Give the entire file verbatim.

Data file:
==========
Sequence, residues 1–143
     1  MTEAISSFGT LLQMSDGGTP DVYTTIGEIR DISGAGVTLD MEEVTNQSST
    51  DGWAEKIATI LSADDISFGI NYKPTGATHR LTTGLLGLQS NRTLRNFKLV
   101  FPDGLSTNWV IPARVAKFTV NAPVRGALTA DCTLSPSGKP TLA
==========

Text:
Sequence, residues 1–143
     1  MTEAISSFGT LLQMSDGGTP DVYTTIGEIR DISGAGVTLD MEEVTNQSST
    51  DGWAEKIATI LSADDISFGI NYKPTGATHR LTTGLLGLQS NRTLRNFKLV
   101  FPDGLSTNWV IPARVAKFTV NAPVRGALTA DCTLSPSGKP TLA